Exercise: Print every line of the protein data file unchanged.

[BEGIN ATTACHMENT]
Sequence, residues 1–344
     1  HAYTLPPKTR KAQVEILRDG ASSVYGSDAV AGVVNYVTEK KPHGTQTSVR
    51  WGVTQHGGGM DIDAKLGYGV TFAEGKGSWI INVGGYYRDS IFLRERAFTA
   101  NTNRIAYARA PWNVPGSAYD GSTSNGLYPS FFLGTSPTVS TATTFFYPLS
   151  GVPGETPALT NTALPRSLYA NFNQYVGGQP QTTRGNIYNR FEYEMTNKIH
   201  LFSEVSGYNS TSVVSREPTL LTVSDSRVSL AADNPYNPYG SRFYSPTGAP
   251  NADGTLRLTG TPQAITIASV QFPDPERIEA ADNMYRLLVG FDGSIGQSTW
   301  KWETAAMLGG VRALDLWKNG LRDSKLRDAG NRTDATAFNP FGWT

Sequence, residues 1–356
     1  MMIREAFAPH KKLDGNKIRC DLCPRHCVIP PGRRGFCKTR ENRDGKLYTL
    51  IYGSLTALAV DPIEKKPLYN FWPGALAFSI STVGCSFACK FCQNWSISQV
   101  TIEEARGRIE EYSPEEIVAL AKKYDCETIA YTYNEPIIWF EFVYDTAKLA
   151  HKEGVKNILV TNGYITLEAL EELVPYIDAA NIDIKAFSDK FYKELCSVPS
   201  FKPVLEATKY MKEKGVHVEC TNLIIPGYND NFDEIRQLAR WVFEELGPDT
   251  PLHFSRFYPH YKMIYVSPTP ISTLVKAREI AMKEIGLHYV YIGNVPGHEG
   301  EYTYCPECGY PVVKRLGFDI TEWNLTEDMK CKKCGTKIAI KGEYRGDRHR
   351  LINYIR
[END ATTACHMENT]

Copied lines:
Sequence, residues 1–344
     1  HAYTLPPKTR KAQVEILRDG ASSVYGSDAV AGVVNYVTEK KPHGTQTSVR
    51  WGVTQHGGGM DIDAKLGYGV TFAEGKGSWI INVGGYYRDS IFLRERAFTA
   101  NTNRIAYARA PWNVPGSAYD GSTSNGLYPS FFLGTSPTVS TATTFFYPLS
   151  GVPGETPALT NTALPRSLYA NFNQYVGGQP QTTRGNIYNR FEYEMTNKIH
   201  LFSEVSGYNS TSVVSREPTL LTVSDSRVSL AADNPYNPYG SRFYSPTGAP
   251  NADGTLRLTG TPQAITIASV QFPDPERIEA ADNMYRLLVG FDGSIGQSTW
   301  KWETAAMLGG VRALDLWKNG LRDSKLRDAG NRTDATAFNP FGWT

Sequence, residues 1–356
     1  MMIREAFAPH KKLDGNKIRC DLCPRHCVIP PGRRGFCKTR ENRDGKLYTL
    51  IYGSLTALAV DPIEKKPLYN FWPGALAFSI STVGCSFACK FCQNWSISQV
   101  TIEEARGRIE EYSPEEIVAL AKKYDCETIA YTYNEPIIWF EFVYDTAKLA
   151  HKEGVKNILV TNGYITLEAL EELVPYIDAA NIDIKAFSDK FYKELCSVPS
   201  FKPVLEATKY MKEKGVHVEC TNLIIPGYND NFDEIRQLAR WVFEELGPDT
   251  PLHFSRFYPH YKMIYVSPTP ISTLVKAREI AMKEIGLHYV YIGNVPGHEG
   301  EYTYCPECGY PVVKRLGFDI TEWNLTEDMK CKKCGTKIAI KGEYRGDRHR
   351  LINYIR